While we are not bound by New Mexico's determination of the double jeopardy implications of its statutes, we are bound by the state's interpretation of the language of its own statutes and of the legislative intent behind them. See Garner v. Louisiana, 368 U.S. 157, 169, 82 S.Ct. 248, 254, 7 L.Ed.2d 207 (1961). The New Mexico Court of Appeals has found that the firearm sentencing statute "does not create a new class of crimes. Rather, this statute provides for additional consequences for felonies committed by use of a firearm." See State v. Gabaldon, 92 N.M. 230, 585 P.2d 1352, 1356 (Ct.App.), cert. denied, 92 N.M. 260, 586 P.2d 1089 (1978). With the statutes so interpreted, the state has acted within its power to fix punishments.
Petitioners direct us to the suggestive dictum of Simpson v. United States, 435 U.S. 6, 11, 98 S.Ct. 909, 912, 55 L.Ed.2d 70 (1978): "Cases in which the Government is able to prove violations of two separate criminal statutes with precisely the same factual showing . . . raise the prospect of double jeopardy . . . ." In Simpson, however, the second federal statute is not merely a firearm sentencing statute. The Court explicitly noted that the firearm statute creates a distinct offense. 435 U.S. at 10, 98 S.Ct. at 911.5 The enactment specifically provides for "conviction under this subsection," 18 U.S.C. § 924(c)(2), and Simpson had been charged with violating the firearm statute in a separate count. In contrast, the New Mexico firearms statute is, by its own terms and in actual application, directed at sentencing only. The state court in Gabaldon agreed. 585 P.2d at 1356.
In these cases petitioners did not face "dual penalties," as they argue, but one more severe penalty for a single offense committed with a gun. We have nothing in the record before us to justify any finding of prosecutorial or judicial abuse, and these statutes, though inartfully drafted, are not outside the range of legislative prerogative.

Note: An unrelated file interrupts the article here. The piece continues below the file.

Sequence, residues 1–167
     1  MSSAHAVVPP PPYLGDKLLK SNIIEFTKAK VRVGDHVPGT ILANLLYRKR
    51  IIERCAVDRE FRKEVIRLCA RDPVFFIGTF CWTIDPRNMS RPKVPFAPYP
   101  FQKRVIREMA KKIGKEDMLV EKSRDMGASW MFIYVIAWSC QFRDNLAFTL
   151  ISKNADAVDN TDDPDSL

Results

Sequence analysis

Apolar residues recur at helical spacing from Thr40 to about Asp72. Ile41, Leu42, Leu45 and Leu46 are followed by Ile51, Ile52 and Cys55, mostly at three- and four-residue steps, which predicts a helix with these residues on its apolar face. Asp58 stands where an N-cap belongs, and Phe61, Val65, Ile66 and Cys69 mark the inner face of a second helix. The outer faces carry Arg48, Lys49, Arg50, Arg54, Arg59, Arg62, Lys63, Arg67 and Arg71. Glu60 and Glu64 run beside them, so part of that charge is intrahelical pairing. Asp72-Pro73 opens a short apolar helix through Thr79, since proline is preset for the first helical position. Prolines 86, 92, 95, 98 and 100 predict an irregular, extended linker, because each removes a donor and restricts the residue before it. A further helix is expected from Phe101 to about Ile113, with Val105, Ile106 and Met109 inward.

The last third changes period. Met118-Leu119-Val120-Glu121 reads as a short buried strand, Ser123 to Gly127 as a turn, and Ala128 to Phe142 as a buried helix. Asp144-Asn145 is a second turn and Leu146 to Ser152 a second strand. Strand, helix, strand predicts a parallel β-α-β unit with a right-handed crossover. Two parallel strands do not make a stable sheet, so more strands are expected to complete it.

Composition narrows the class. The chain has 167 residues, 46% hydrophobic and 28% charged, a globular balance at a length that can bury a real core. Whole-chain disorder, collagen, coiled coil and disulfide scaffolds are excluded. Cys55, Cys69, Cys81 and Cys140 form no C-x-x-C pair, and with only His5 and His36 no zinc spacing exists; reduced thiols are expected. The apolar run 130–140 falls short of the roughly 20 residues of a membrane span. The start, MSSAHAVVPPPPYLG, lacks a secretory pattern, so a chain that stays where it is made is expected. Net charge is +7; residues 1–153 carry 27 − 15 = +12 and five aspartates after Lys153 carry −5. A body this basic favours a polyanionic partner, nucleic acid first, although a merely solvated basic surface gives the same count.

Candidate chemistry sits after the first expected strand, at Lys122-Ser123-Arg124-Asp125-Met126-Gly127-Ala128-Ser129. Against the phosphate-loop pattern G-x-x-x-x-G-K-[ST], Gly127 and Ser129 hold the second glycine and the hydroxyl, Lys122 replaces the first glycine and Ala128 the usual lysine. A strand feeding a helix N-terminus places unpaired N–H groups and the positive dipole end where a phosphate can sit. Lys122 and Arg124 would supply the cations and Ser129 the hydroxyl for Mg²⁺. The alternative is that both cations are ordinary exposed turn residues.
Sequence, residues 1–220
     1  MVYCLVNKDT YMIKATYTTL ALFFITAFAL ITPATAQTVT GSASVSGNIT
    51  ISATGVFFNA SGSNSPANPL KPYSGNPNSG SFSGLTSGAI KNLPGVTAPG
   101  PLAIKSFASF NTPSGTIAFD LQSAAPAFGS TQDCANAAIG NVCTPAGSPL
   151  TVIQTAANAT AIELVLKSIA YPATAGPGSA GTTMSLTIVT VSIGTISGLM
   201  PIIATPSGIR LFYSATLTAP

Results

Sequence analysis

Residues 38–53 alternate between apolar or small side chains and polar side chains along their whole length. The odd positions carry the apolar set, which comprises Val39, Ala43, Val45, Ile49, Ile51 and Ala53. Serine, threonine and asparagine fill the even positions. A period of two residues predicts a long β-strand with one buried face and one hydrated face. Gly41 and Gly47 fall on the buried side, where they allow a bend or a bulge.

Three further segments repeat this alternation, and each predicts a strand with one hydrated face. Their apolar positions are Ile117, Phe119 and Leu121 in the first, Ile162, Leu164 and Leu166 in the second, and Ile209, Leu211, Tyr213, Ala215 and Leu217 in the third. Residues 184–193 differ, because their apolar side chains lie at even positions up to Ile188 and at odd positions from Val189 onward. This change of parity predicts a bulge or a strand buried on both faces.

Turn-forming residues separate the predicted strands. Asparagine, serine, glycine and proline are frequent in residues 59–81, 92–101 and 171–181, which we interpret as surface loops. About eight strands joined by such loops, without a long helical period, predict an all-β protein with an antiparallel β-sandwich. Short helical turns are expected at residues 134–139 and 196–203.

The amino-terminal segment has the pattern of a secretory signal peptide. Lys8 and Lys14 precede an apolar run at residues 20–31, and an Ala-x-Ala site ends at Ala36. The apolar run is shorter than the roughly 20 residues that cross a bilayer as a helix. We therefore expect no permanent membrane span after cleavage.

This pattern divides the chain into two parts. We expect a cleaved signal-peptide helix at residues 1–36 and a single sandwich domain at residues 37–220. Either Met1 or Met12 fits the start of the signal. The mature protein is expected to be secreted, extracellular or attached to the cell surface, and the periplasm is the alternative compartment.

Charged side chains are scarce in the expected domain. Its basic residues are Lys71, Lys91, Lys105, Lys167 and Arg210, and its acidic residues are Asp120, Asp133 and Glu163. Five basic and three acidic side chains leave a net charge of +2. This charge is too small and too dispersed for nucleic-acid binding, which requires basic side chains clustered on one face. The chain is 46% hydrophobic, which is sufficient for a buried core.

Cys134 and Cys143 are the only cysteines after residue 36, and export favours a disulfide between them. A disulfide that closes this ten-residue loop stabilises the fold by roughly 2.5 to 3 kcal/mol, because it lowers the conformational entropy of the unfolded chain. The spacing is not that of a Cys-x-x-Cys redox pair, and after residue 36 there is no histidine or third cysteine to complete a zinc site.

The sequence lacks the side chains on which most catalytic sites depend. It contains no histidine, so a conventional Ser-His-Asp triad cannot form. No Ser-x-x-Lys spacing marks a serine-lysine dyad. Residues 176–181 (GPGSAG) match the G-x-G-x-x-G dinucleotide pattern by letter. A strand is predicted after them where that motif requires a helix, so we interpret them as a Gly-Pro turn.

Of the United States District Court for the District of Colorado, sitting by designation
At the time of conviction, this section was numbered 40A-3-2. Petitioner Diaz was convicted of aggravated assault of a peace officer and armed robbery, petitioner Gutierrez and petitioner Martinez of armed robbery. See N.M.Stat.Ann. § 40A-22-21, now § 30-22-22 (1978) (aggravated assault of a peace officer), and N.M.Stat.Ann. § 40A-16-2, now § 30-16-2 (1978) (armed robbery)
N.M.Stat.Ann. § 30-3-2A provides in pertinent part:
Aggravated assault consists of . . . unlawfully assaulting or striking at another with a deadly weapon . . . . Whoever commits aggravated assault is guilty of a fourth degree felony.
A. When a separate finding of fact by the court or jury shows that a firearm was used in the commission of: (1) any felony except a capital felony, the minimum and maximum terms of imprisonment prescribed by the Criminal Code shall each be increased by five years; and (2) for any crime constituting a felony other than a capital felony, the court shall not suspend the first one year of any sentence imposed
B. For second and subsequent felonies other than a capital felony in which a firearm is used, the minimum and maximum terms of imprisonment prescribed by the Criminal Code shall be increased by five years and the court shall not suspend or defer all or any part of the sentence nor shall parole be considered unless the minimum sentence has been served.
C. If the case is tried by a jury and if a prima facie case has been established showing that a firearm was used in the commission of the offense, the court shall submit the issue to the jury by special interrogatory.
N.M.Stat.Ann. § 31-18-4 (1978), formerly § 40A-29-3.1.
Under a single explicit sentencing scheme, the only constitutional issue arises from the application of the Eighth Amendment. See Westen & Drubel, Toward a General Theory of Double Jeopardy, 1978 Sup.Ct.Rev. 81, 115
The Simpson Court was then able to avoid the double jeopardy issue by deciding that Congress did not intend simultaneous prosecutions under both statutes for the same criminal acts. 435 U.S. at 13-16, 98 S.Ct. at 913-914. But see United States v. Crew, 538 F.2d 575 (4th Cir.), cert. denied, 429 U.S. 852, 97 S.Ct. 144, 50 L.Ed.2d 127 (1976)